Friday, July 12th, 2013
Over the last several years, business applications like Salesforce and Google Apps have been driving the adoption of cloud services for business. But a new survey from North Bridge Venture Partners shows that the future of cloud adoption is heading for your IT department.
The third annual Future of Cloud Computing Survey, conducted by North Bridge Venture Partners, in conjunction with 58 other partners, was released last month and shed light on where practitioners see the future of the cloud heading. Probably the most interesting fact was about Platform-as-a-Service (PaaS). PaaS allows for the development of applications or services in the cloud that can be run virtually from anywhere with an Internet connection. This means that IT departments won’t have to worry that Oﬃce A is running a diﬀerent environment than Oﬃce B when they want to deploy a new application. Examples of PaaS include Google Apps Platform and Microsoft’s Azure Platform. This new survey showed that 72% of respondents expect to use PaaS within the next ﬁve years, making it the fastest potential avenue for growth for cloud-based services.
This shift toward PaaS is a reﬂection of the changing work environment. After the ﬁnancial crash of 2008, adoptionof cloud services and the acceptance of bring-your-own-device (BYOD) in the workplace not only helped reduce costs for cash-strapped businesses, but also facilitated a more mobile workforce. It’s this fast rise in mobility that has prompted IT departments to start seriously looking at the cloud to help manage the future of IT. In fact, the North Bridge survey found that six out of the top seven fastest growth areas in the cloud will be in IT areas like systems management and mobile.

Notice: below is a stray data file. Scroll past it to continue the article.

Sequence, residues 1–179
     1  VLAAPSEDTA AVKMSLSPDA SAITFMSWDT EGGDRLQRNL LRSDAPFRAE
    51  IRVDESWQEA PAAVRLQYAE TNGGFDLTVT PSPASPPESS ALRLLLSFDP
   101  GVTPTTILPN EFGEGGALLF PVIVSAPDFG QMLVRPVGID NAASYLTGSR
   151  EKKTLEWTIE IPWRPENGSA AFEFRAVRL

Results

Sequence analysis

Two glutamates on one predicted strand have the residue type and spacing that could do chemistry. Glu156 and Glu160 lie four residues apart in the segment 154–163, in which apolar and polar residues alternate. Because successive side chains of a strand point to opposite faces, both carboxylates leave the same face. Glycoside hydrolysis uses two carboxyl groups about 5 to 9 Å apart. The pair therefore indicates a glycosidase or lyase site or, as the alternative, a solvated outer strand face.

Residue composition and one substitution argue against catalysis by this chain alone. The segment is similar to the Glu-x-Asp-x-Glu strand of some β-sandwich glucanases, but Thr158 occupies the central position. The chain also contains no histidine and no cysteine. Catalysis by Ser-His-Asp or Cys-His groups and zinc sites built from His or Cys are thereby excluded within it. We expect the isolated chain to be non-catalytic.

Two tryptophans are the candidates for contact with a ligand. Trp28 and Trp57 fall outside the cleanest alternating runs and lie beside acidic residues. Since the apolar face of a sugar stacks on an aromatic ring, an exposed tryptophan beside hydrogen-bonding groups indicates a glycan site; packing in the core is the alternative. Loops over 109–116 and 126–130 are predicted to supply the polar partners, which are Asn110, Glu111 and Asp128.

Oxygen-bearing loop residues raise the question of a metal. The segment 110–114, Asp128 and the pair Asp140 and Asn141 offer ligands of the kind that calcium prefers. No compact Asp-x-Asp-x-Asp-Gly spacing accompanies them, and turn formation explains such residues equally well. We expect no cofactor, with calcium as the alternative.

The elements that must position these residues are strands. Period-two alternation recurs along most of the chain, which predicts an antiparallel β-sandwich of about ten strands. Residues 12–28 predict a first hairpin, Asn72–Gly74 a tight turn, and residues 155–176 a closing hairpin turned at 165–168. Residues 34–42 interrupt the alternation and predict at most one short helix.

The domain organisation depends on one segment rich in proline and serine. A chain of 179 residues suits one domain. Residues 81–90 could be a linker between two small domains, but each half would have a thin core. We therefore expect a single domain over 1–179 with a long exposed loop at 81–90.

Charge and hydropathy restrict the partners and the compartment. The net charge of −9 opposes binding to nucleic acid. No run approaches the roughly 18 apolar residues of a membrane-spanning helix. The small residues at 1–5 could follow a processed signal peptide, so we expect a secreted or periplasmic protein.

There is, of course, a lot more work to be done before the cloud becomes the norm in many sectors, including IT departments. Right now the cloud resembles the Wild West, with no clear trusted leader yet to emerge. This is most starkly illustrated by the ﬁnding that, although many of the top cloud providers cited in the survey include companies like Amazon, Microsoft, and Google, there were 300 other companies that had less than a 2% response.This indicates there is no real leader right now in the minds of cloud users. But, as with any new industry, we should expect to see a future consolidation with fewer players in the market. And, once that happens, it will be easier for IT departments to choose a cloud partner they feel is reliable and secure.
Another avenue that could also expand cloud computing’s foothold is the idea of open APIs. The boom in social technologies and platforms taught many that open APIs facilitate fast adoption as well as growth of communities. Respondents expressed interest in cloud APIs as a way to go beyond any single application and create integrated systems. For example, Cloudﬁnder oﬀers an open API that allows their customers to develop uses for the information that it backs up in a variety of other ways.
There is no question that future is bright for the cloud, as survey after survey shows substantial growth in the coming years. No small part of that growth will come from the fact that the cloud is drifting into IT departments, which is a critical component to widespread adoption and ensuring a smooth transition into the age of “everything as-a-service.”